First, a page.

Should we tax successful entrepreneurs? That is one of the recommendations of a new paper about occupational choice and the quality of entrepreneurs.
I show that, for a large class of economies, it might be desirable to tax entrepreneurs and give the proceeds to workers. By doing so, the government can improve entrepreneurial self-selection. The tax converts some of the cross-subsidies in the financial intermediation into tax revenue. This revenue is then used to finance the wage subsidies. The overall effect of the policy is to exchange some rich low-type entrepreneurs with poor high- and low-type entrepreneurs. As a result, the average success probability of the entrepreneurs in the economy increases.
Here is the argument as I understand it. First, let's say there are high quality and low quality entrepreneurs. What is a a low quality entrepreneur? One that destroys value rather than creates it. (In my experience, such people are usually entrepreneurs only because they don't have the skills to cut it in a regular job. They chalk it up to the idea that they are just more creative and innovative than everyone else when really they are scatterbrained and ignorant, but are oblivious to their own shortcomings.)
Now, banks and investors don't know for sure who is high quality and low quality. They can try to figure it out, but can never be 100% sure. By taxing the successful entrepreneurs and subsidizing wages with the money, the thresholds shift. It is less attractive to become an entrepreneur and more attractive to stay at your job (which now pays more). Thus, only the more skilled entrepreneurs will be willing to take the risk.
The author points out that he isn't necessarily advocating that this path be followed.
It is worth mentioning that the policy I propose is a pure efficiency result. That is, in some economies, efficiency requires taxing entrepreneurs and giving the proceeds to workers to improve the welfare. The policy simply changes the threshold levels for wealth classes so as to increase the average quality of active entrepreneurs in the economy. In my view, this pure efficiency result enhances equity as well, since richer low-type entrepreneurs are swapped with poorer high- and low-type workers as a result of the policy.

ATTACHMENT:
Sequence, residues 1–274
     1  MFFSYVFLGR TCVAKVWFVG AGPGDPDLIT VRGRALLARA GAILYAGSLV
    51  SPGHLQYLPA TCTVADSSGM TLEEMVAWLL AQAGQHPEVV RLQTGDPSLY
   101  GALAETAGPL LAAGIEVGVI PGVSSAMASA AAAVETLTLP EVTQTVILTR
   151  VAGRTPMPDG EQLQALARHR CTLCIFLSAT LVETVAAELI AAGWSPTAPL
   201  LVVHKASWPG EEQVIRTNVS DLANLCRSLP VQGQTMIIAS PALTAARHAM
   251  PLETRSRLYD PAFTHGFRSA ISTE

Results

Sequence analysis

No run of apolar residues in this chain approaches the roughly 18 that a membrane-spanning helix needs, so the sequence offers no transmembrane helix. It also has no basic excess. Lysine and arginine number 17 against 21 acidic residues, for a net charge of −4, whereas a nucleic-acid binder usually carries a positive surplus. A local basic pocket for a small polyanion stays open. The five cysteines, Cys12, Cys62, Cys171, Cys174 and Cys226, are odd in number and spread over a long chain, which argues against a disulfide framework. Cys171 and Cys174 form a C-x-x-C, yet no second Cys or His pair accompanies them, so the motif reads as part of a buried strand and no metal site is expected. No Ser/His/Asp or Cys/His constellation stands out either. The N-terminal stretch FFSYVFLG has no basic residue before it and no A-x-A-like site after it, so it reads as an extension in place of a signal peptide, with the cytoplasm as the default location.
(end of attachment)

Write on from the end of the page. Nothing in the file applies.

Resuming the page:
I didn't investigate all the math in this paper, but I have to question the idea behind it for two reasons. First, entrepreneurship has a large luck component. Knowledge, skill, and hard work can improve the odds, but being at the right place at the right time can make a huge difference too. Secondly, I'm not convinced that people pursue entrepreneurship for money. If that is your main goal, you will most likely fail. Most startups aren't YouTube. Most of them take a long time to yield fruit, and people give up before they hit the payday if they aren't in it for something more. Some love the challenge, some love their work, and some just want to change an industry for the better. The money is the icing on the cake (and anyway, most entrepreneurs don't end up rich).
The paper didn't factor in either of these things, so I'm unlikely to think the conclusion is significant. Nonetheless, I find it surprising that someone would even suggest such a policy, so I am pointing it out to give you something interesting to mention to your friends at the next social gathering. (Because if you read this blog, I know you are probably the kind of business geek who does that stuff) If you have a different interpretation of the paper, by all means leave a comment and let me know.